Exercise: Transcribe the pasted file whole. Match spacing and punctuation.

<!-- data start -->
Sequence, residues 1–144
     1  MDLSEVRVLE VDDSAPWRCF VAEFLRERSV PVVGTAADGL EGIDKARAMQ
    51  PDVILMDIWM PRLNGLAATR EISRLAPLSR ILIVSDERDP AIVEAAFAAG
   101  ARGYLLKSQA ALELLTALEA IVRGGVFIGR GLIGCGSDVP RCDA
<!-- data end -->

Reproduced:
Sequence, residues 1–144
     1  MDLSEVRVLE VDDSAPWRCF VAEFLRERSV PVVGTAADGL EGIDKARAMQ
    51  PDVILMDIWM PRLNGLAATR EISRLAPLSR ILIVSDERDP AIVEAAFAAG
   101  ARGYLLKSQA ALELLTALEA IVRGGVFIGR GLIGCGSDVP RCDA